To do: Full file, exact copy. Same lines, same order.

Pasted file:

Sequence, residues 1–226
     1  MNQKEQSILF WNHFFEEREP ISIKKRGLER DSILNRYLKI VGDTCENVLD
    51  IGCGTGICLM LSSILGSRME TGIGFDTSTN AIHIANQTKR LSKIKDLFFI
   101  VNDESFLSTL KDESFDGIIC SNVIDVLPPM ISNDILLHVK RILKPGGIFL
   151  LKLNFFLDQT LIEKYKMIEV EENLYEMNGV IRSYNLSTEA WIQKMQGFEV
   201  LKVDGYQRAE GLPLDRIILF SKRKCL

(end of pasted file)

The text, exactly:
Sequence, residues 1–226
     1  MNQKEQSILF WNHFFEEREP ISIKKRGLER DSILNRYLKI VGDTCENVLD
    51  IGCGTGICLM LSSILGSRME TGIGFDTSTN AIHIANQTKR LSKIKDLFFI
   101  VNDESFLSTL KDESFDGIIC SNVIDVLPPM ISNDILLHVK RILKPGGIFL
   151  LKLNFFLDQT LIEKYKMIEV EENLYEMNGV IRSYNLSTEA WIQKMQGFEV
   201  LKVDGYQRAE GLPLDRIILF SKRKCL